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United States v. Parker

United States Court of Appeals, Eighth Circuit

September 12, 2017

United States of America Plaintiff- Appellee
Darryl Parker Defendant-Appellant United States of America Plaintiff- Appellee
Veltrez Black Defendant-Appellant United States of America Plaintiff- Appellee
Jabari Johnson Defendant-Appellant United States of America Plaintiff- Appellee
Tywin Bender Defendant-Appellant United States of America Plaintiff- Appellee
Tywin Bender Defendant-Appellant

          Submitted: May 10, 2017

         Appeals from United States District Court for the District of Minnesota - St. Paul

          Before SMITH, Chief Judge, COLLOTON and KELLY, Circuit Judges.

          SMITH, Chief Judge.

         This is the consolidated appeal of four of eleven individuals indicted and convicted of conspiring to possess firearms, in violation of 18 U.S.C. §§ 371 and 922(g)(1). The conspiracy involved gang members with felony convictions who enlisted "straw purchasers, " i.e., associates who could pass the requisite background checks, to obtain guns legally. The straw purchasers then gave the "legal" guns to the gang for its use. Codefendants Darryl Parker, Veltrez Black, Jabari Johnson, and Tywin Bender appeal their individual cases to this court.

         I. Background

         North Minneapolis, Minnesota, knows gang violence. Two rival street gangs-the Taliban and the One-Nine Block Dipset-have traded high-profile homicides in a decades-long conflict.[1] When Tyrone "Ty Crack" Washington, a leader of "the One-Nine, " was shot and killed at Epic nightclub in November 2013, the Taliban released a series of videos on Facebook and YouTube taunting members of the One-Nine and its derivative group, the Stick Up Boys (SUB). Retaliation soon began.

         Kibbie Walker, a Taliban member present at Epic nightclub on the night of Washington's murder, was shot by a One-Nine member as he left work in April 2014. Two weeks later, Walker fired multiple shots into a vehicle, hitting SUB-member Marquis Woods. Walker pleaded guilty to two counts of assault and was imprisoned. As the feud continued, members of the One-Nine began stockpiling weapons. To acquire weapons, the One-Nine recruited friends who did not have felony records to legally purchase firearms that would eventually become part of the gang's arsenal.

         In November 2014, someone likely affiliated with the Taliban shot One-Nine-member Jabari Johnson multiple times. To avoid further reprisals, law enforcement indicted the leaders of the One-Nine and SUB. Nine gang members-including Veltrez Black, Tywin Bender, Darryl Parker, and Jabari Johnson-and two straw purchasers were indicted for conspiracy to illegally possess firearms. Each gang member was also indicted on a single count of felony gun possession. When police came to arrest Johnson, he credited the police arrests for preventing a gang battle, stating that his gang was "just about to go shoot them up." Johnson voluntarily led officers to a storage locker containing two Glock handguns, a Sig Sauer .9 mm, two AK-47 rifles, and high-capacity magazines. All defendants except Black pleaded guilty.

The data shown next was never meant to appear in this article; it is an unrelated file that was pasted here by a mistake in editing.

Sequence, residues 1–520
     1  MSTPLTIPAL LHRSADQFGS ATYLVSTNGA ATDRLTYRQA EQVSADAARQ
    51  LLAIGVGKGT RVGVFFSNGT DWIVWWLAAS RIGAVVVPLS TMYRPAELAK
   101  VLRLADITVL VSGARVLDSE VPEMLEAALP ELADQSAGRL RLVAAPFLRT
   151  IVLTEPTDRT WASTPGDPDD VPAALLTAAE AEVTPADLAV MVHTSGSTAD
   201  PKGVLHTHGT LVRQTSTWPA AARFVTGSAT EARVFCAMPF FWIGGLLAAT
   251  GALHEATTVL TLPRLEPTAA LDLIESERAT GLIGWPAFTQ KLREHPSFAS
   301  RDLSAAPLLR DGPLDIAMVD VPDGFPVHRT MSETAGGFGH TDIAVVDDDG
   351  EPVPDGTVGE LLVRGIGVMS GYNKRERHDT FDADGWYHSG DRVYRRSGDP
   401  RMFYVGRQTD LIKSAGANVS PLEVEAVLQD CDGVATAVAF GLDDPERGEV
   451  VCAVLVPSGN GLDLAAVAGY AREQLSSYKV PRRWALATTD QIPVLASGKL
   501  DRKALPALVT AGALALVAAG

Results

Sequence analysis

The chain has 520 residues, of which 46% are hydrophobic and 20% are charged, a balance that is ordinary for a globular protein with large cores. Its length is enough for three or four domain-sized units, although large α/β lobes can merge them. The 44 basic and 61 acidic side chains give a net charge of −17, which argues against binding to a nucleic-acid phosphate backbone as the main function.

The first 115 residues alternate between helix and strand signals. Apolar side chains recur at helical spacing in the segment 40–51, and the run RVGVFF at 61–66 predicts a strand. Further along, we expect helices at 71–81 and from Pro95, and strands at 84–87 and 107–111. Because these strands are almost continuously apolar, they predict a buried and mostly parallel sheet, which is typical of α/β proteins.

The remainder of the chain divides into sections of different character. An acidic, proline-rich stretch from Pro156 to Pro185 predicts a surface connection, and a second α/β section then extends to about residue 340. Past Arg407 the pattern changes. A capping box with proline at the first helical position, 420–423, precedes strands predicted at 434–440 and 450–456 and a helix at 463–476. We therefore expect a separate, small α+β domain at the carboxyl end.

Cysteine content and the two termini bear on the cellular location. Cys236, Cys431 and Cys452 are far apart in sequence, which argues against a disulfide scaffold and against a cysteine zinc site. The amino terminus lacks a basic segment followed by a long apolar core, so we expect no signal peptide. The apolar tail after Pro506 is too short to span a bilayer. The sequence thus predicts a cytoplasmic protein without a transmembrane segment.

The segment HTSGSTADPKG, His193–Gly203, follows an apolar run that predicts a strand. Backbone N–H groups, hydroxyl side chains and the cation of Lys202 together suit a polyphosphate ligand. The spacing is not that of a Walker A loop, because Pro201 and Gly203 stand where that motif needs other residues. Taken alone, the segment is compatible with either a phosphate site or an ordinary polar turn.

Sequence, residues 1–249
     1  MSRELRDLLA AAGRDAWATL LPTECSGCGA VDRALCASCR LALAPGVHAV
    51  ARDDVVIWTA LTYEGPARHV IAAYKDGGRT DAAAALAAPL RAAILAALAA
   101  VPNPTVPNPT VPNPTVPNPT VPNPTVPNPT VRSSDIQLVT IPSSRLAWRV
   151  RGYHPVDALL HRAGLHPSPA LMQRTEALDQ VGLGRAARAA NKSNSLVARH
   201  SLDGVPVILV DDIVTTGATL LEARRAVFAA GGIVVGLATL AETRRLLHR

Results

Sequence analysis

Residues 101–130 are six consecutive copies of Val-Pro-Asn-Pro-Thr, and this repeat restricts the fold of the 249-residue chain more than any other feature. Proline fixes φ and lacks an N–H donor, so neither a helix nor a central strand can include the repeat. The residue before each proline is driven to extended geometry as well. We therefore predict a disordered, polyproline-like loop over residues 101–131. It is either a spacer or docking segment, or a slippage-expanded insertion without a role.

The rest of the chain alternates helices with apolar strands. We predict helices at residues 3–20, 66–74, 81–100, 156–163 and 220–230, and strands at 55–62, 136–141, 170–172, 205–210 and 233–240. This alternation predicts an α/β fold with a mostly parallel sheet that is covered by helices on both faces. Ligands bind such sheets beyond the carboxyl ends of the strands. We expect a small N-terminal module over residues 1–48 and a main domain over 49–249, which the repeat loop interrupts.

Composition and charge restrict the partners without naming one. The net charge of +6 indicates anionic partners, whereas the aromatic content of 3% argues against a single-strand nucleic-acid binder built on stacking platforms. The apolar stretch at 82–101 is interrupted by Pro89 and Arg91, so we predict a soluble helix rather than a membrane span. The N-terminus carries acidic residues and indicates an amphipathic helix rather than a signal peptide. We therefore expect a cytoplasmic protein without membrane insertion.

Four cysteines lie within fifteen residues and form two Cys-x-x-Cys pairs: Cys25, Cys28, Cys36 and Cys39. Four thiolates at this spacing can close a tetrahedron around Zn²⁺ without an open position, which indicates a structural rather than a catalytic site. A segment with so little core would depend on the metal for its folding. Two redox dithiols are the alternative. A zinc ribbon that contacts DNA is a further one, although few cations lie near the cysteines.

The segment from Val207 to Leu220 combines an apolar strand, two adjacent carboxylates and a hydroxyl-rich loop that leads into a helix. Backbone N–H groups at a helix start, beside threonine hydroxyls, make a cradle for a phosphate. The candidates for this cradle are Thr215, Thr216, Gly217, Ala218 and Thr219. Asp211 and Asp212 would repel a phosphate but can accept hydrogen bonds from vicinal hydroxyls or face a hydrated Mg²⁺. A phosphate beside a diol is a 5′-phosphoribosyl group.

At Black's trial, the government presented evidence that the open hostilities underlying the present gang conflict began with the murder of Taliban-member Kyle Parker by One-Nine-member Christopher Bahtuoh in 2009. This killing was followed by the murder of SUB-member Dacari "Pudda Loc" Starr and Taliban-member Derrick "D-Nice" Martin. The government discussed Washington's murder at the nightclub and the subsequent drive-by shootings of residences belonging to Taliban members deemed responsible for Washington's murder. The government's proof placed Black in the presence of One-Nine members and firearms on five occasions during the conspiracy period. In one instance, Black was seen in a house with a large group of One-Nine members, where seven firearms were found. Two of the firearms, a .45 mm Kimber and a Czech 7.62 mm rifle, were discovered in the same room as Black. Both guns had a mixture of DNA. A forensic biologist with the Hennepin County Sheriff's Office Crime Lab testified that Black's DNA could not be excluded from the mixtures. Firearms examiner Kristin Reynolds testified that gun casings found at residential shootings of Taliban members, on November 20 and 26, 2013 (shortly after Washington's murder), were consistent with the same Kimber pistol.